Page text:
itX has a number of programs to help its channel partners. The first of these is its sales university program.

“We get a select number of partners in a room for a couple of days and leverage the vendor’s talent and sales expertise to help educate our channel,” said Newham.

The distributor also helps vendors invest their marketing dollars into innovative programs called sales pipelines.

A sophisticated backend system allows itX to produce lead generation campaigns on behalf of vendors that can be used by multiple resellers.

As vendors demand strong marketing and sales enablement from their distributors, the sales pipelines allow them to receive an effective and transparent spread of their marketing dollars.

Resellers get the benefits of this spend by being able to send professional and personalised marketing campaigns to their customer databases at no cost.

“We spend a lot of time trying to get the messaging right, trying to create campaigns that are a bit viral, a bit different. They are simple to use and easy to leverage and the real strength is in the lead tracking,” said Newham.

The campaigns enable resellers to access reports detailing who has received the email, whether they have read it and the amount of time spent using it.

Newham said the pipelines help turn sales leads into appointments and appointments into business.

“The campaign that we’ve got is unique, we have a lot of energy behind it and it’s a very successful program. I encourage resellers to take advantage of it, especially at the moment when the market is tightening up,” said Newham.

The pipelines are available to the entire stable of itX’s thousands of registered partners, ranging from specialist security resellers and independent software vendors to resellers with large enterprise and government customers.

About 500 or so use it frequently.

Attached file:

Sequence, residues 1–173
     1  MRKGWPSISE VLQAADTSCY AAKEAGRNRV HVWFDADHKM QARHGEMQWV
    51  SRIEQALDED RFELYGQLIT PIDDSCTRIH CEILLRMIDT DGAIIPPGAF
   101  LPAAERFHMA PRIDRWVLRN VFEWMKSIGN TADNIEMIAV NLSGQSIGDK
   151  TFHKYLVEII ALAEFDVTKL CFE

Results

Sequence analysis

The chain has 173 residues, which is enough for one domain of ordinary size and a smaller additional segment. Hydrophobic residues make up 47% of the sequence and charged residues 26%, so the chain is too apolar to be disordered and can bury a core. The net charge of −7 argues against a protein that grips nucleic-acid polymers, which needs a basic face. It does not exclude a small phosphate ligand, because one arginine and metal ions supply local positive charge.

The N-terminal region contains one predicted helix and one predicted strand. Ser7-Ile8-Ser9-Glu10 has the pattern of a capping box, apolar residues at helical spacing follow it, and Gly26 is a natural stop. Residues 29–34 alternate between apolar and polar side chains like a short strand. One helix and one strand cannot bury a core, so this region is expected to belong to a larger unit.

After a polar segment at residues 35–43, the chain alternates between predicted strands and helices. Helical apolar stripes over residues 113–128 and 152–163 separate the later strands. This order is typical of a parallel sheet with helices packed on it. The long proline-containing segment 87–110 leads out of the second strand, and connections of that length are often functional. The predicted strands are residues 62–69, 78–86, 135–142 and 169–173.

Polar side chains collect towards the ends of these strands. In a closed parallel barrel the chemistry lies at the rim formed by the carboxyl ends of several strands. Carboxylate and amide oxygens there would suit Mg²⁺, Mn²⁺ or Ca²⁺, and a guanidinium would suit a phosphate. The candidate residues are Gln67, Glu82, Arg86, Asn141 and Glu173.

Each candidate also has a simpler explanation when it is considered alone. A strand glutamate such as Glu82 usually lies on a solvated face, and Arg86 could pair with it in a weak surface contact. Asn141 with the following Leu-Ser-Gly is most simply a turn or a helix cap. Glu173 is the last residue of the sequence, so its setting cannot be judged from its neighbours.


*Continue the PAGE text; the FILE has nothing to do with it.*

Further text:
“The partners at the end of the day are the ones that are talking to the customers,” said Newham.

“The customers are ultimately the ones who make the decision. Our job is to keep our partners educated and also to help them to market and to generate leads.”

Driving growth

The recipe for itX’s success can be attributed to a small product set with a high market share.

itX has expanded this market share by looking for either a strong lead product or a solid supporting product that can be marketed to its existing reseller base.

“We don’t sell many products and that’s not an accident, that’s by design,” said Newham.

“We chose the vendors we think are going to add material benefit to us and our partners. Keeping the product set tight is a key ingredient of what we do.

“We are careful about the products we choose, we don’t just fill up a sheet with logos.”

The distributor has experienced healthy growth over the past few years, largely driven by its long-held stable of Sun, Citrix, Oracle and Secure Computing products.

Since the start of the year itX has picked up several vendors including Datacore and Visioncore.

The recent addition of VMWare to its portfolio has also proved to be great for business.

itX’s roots in server-based computing has seen it naturally focus heavily on virtualisation, both with an infrastructure play with Sun Microsystems and software solutions from Citrix and VMWare.

“Virtualisation is still a very hot topic and that market segment is poised for significant growth, so hopefully we can get our fair share of that,” said Newham.

Looking ahead

While itX has undergone steady organic growth, acquisitions of smaller niche distributors are part of a long-term strategy to add value to the core business and provide a footprint into new areas.

The $6m acquisition of specialist printing and media distributor, Briell Marketing, in July was the most recent.

“It’s no secret that we’re on lookout for other businesses that we can acquire,” said Newham.

“But it has to make sense. It’s not just a matter of acquisitions at any cost, there are plenty of distributors that have gone broke doing that.

“We don’t want to be the biggest distributor in town, our goal is to be the best distributor in town. We’ll continue to scour for those smaller or niche distributors that add value to our main business and any acquisition opportunities if they make sense. We will keep true to our goal of knowing more about the products we sell than our competitors.”